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ApplicationsNew TechnologyA new way to clean silicon wafers

November 27, 2018by surftech0

Wafer cleaning is an essential step in the manufacturing of integrated circuits. The two main contaminants encountered in the fabrication process are particles and organic residues. These contaminants arise in photoresist stripping operations and must be removed from the surface. Vacuum plasmas are routinely used for photoresist stripping, descum of resist residues, and general wafer cleaning. After the plasma process, the wafer is subjected to a megasonic or ultrasonic clean with deionized water to remove particles. This step is necessary because vacuum plasmas generate particles inside the chamber by ion bombardment. In other words, if you use a vacuum plasma to strip resist, descum, or otherwise remove contamination from a surface, you are going to need a second step to remove particles generated in that process.

Now there is a new way to clean silicon wafers with a plasma that does not require a second particle removal step. The Atomflo™ atmospheric pressure (AP) plasma removes organic contamination in seconds without adding particles. Shown in Table 1 is a comparison of cleaning 200mm Si wafers with a vacuum plasma and the Atomflo™ AP plasma. Before cleaning, the native oxide on the silicon is covered with a layer of adsorbed organic compounds that passivates the surface, yielding a surface free energy of 64 mN/m and a water contact angle of 38o. After 2 minutes in the vacuum plasma, the wafer is cleaned and activated with a surface free energy of 77 mN/m and a water contact angle below 7o. Identical results are achieved by scanning over the wafer with the Surfx 100-mm-wide plasma source at 200 mm/s. The plasma was operated at 500 W with 0.8% oxygen in argon. In this case, the total process time is 2.5 seconds. The AP plasma is 48 times faster than the vacuum plasma!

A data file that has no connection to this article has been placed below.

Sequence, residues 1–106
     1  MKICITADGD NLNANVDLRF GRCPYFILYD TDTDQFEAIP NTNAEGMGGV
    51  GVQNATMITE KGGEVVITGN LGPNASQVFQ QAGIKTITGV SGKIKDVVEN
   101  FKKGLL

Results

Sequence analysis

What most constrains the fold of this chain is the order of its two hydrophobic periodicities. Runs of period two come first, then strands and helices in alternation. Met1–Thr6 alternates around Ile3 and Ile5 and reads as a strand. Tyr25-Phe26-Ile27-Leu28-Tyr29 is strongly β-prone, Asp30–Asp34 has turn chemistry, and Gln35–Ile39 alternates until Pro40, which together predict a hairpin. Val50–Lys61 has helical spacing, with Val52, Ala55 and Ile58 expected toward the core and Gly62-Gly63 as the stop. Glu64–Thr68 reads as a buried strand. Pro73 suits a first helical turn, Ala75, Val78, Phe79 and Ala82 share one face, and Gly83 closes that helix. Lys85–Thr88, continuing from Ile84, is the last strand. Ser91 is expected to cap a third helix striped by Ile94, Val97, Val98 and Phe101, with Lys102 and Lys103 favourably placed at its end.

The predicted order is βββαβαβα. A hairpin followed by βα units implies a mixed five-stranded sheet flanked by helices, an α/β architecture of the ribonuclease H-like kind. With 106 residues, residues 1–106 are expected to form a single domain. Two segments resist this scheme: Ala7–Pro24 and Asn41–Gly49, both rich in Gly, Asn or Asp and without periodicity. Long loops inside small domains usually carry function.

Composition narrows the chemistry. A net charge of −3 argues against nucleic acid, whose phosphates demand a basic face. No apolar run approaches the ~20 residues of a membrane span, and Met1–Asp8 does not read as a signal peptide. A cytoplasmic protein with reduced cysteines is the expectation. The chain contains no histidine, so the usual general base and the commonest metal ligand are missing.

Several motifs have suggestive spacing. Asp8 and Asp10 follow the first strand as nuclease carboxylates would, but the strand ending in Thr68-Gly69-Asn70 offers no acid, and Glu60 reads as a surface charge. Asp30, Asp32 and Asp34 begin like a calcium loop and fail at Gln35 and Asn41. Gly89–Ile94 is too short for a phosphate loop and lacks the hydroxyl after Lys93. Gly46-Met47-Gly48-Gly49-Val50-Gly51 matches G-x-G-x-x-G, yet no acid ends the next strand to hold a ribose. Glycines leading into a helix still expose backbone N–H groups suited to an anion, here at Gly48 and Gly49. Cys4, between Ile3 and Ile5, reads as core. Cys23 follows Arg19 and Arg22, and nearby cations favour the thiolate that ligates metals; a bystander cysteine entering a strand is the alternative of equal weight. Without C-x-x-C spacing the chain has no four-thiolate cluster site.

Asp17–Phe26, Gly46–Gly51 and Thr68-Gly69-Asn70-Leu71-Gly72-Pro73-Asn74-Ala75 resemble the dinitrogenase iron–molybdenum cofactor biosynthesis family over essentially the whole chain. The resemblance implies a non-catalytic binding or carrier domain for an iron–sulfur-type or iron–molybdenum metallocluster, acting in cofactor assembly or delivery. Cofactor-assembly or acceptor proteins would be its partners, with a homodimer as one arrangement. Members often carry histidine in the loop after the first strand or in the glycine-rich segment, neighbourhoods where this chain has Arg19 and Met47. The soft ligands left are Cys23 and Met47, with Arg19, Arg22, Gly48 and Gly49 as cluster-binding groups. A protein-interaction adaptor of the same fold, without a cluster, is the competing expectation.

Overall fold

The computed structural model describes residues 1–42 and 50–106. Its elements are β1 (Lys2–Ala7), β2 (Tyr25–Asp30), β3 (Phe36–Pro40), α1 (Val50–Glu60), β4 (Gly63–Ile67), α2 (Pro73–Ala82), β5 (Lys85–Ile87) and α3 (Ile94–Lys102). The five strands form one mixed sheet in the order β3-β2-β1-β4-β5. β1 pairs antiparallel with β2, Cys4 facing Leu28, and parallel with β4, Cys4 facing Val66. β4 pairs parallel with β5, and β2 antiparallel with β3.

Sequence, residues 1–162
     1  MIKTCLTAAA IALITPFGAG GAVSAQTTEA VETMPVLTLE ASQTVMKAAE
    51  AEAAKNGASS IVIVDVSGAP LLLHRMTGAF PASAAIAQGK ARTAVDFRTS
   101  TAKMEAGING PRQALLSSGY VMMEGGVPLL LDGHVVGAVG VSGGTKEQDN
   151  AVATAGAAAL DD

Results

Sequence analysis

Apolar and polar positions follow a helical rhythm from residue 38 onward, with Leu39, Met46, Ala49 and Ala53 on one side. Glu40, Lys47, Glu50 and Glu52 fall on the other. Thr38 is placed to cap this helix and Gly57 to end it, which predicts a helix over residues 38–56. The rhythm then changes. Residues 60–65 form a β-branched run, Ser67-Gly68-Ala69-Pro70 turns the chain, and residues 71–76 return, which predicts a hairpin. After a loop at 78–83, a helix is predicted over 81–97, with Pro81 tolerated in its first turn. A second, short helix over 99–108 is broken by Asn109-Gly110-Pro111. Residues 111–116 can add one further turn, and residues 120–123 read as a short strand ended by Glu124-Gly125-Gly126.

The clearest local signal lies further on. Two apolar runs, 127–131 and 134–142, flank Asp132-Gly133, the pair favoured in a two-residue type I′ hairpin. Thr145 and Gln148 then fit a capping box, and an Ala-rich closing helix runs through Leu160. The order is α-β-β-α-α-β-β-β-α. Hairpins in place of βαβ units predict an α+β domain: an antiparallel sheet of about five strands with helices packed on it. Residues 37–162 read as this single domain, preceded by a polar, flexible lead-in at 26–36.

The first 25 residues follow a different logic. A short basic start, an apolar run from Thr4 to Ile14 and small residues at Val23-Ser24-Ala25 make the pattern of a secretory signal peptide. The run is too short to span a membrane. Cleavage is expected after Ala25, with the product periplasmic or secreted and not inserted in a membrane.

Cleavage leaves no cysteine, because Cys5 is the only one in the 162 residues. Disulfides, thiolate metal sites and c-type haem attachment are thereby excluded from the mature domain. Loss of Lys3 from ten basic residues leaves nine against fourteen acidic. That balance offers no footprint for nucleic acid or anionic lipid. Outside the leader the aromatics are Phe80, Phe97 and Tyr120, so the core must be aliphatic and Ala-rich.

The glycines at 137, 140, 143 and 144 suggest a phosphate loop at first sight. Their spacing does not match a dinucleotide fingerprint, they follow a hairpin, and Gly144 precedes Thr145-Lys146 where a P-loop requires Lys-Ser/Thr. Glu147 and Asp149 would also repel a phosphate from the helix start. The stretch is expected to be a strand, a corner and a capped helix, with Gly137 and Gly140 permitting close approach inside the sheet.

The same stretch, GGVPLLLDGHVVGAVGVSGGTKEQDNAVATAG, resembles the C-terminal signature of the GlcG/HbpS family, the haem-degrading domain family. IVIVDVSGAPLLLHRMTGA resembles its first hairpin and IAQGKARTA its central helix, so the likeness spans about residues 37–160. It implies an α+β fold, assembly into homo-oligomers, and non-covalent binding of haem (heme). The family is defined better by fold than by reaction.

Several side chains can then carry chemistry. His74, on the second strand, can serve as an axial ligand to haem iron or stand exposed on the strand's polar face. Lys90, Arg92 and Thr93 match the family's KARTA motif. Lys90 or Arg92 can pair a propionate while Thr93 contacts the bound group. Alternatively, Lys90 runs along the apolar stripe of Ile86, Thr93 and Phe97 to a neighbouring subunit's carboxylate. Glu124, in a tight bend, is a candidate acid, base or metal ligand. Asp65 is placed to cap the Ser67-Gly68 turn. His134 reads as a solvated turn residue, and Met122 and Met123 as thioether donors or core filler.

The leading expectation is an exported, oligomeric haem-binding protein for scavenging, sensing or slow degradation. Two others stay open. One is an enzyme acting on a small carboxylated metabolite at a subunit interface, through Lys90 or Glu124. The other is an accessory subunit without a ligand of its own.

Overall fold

Table 1. Comparison of vacuum and Atomflo™ plasma for cleaning 200mm Si wafers.

After cleaning the wafers, a laser scanner was used to determine the distribution of particles on the surface between 0.2 and 1.0 micron in diameter. These results are presented in Table 2. Exposing the wafer to the environment in the class 100 cleanroom led to the accumulation of 17 particles on the surface, with 8 of these in the 0.8 to 1.0 micron range. Vacuum plasma treatment caused approximately 2,800 particles to be deposited on the wafer, with over 1,100 of these in the 0.8 to 1.0 micron range. A secondary water cleaning is definitely required to remove these. By contrast, Surfx’s AP plasma only deposited 8 more particles than the control. Most likely the few additional particles came from the scanning motion of the robot over the wafer. In conclusion, by switching from vacuum plasma to Surfx plasma treatment, you can eliminate a wet cleaning step from your IC fabrication process.

Table 2. Measurement of the particle size distribution on 200mm Si wafers before and after plasma treatment.

The reason the vacuum plasma deposits particles on the wafer and the Surfx argon plasma does not has to do with the physics involved. Radio frequency powered, capacitive discharge plasmas build up a sheath next to the wall in which there is a large voltage drop that repels the free electrons, see Figure 1. This is necessary to maintain the plasma, because the electrons move so much faster than the positively charged ions, and would instantly drain out without the potential barrier. If the ions do not encounter any molecules in the sheath, then they will be accelerated by the voltage potential and hit the wall with enough energy to sputter away material. This ion bombardment is the source of particles in the vacuum plasma. For operation at 0.2 Torr, the sheath thickness, S, is approximately 250 microns, while the mean free path between collisions, λ, is 60 microns. Only a few collisions occur as the ion travels across the sheath, leaving it with sufficient energy to sputter material off the walls. By contrast, at atmospheric pressure, 760 Torr, S is on the order of 20 microns, and λ is 0.06 microns, so that there are many hundreds of collisions before the ion reaches the wall. Consequently, there is no sputtering with particle generation in the Atomflo™ atmospheric pressure plasma.


Figure 1. Schematic of the potential, ϕ, as a function of the distance, 2d, between the electrodes. The sheath is the region near the wall where the potential rapidly decreases to ϕW (Chen and Chang, “Lecture Notes on Principles of Plasma Processing,” (Kluwer/Plenum, N.Y., 2003)).

Dr. Robert F. Hicks
CEO & President
Surfx Technologies LLC

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